Density-functional theory (DFT) derives from the fundamental laws of quantum mechanics and describes the behavior of electrons - the glue that holds all matter together. Understanding the behavior of electrons therefore means understanding matter. DFT is a theoretical concept that has been turned into a computational tool with enormous success in physics, chemistry and materials science. DFT provides a parameter-free description of materials on the atomic scale and can be used to predict materials properties. This course will cover the basics of DFT and will teach the practical aspects of performing DFT calculations in hands-on tutorial sessions.
The course is for students who have completed their Bachelor's degree.
5 ECR are awarded for the course.
- Basic principles of computational materials modelling and density-functional theory
- How to use DFT in computational materials modelling
- Basic familiarity with the DFT software package FHI-aims
- The exchange-correlation functional
- Equilibrium structures of materials (e.g., molecules, solids, surfaces)
- Elastic properties of materials
- Thermodynamics (e.g., free energy, phase diagrams)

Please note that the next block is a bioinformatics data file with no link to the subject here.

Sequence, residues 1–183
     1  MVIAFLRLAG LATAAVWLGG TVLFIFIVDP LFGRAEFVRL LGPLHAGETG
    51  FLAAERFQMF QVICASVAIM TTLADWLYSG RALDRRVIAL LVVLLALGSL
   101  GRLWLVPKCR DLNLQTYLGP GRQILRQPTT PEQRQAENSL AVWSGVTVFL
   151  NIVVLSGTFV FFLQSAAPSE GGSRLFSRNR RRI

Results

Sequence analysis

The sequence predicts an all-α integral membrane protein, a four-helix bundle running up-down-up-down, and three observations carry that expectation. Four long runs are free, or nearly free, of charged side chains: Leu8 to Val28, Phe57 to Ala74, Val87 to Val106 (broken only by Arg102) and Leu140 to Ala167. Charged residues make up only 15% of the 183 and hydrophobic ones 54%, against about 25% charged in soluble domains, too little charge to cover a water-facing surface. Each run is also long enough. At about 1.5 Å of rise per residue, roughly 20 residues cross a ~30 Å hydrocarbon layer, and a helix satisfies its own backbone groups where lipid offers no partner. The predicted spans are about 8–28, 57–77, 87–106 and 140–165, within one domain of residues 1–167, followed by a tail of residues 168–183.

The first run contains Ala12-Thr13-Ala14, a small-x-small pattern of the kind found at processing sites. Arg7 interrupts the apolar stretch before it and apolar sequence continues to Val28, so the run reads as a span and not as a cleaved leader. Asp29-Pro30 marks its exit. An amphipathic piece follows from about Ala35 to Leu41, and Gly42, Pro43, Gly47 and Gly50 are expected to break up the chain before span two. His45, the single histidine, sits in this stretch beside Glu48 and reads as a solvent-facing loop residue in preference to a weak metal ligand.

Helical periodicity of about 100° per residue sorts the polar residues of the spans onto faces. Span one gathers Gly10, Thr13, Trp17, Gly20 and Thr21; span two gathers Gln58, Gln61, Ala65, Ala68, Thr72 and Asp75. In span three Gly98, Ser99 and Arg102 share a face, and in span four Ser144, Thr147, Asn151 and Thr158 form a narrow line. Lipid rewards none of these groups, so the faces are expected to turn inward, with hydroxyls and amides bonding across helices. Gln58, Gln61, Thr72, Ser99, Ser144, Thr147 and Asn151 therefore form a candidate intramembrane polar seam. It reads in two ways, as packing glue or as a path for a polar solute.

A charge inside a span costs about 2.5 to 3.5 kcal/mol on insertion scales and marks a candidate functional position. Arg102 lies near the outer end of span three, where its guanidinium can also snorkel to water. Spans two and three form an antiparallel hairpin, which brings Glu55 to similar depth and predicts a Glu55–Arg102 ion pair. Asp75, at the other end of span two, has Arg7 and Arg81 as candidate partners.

- Vibrations, phonons and vibrational spectroscopy
- Band structures and photo-electron spectroscopy
- Dielectric function and optical spectra
- Strengths and limitations of DFT
Course structure and workload
Period 1 (9.9.-18.10.)
- 2 h lectures (Mondays)
- 4h practical hands-on computer labs (Wednesdays)
Period 2 (28.10.-6.12.)
- Project work
- 3 contact sessions (project checkpoints)
After completion of the course you
- have developed an understanding of DFT-based materials modelling.
- are familiar with the FHI-aims DFT software package.
- can solve simple physics, chemistry and material science problems with DFT.
- can follow a presentation (e.g. conference or seminar) on DFT results.
- can plan, execute, document and present a small research project.
- can give peer feedback.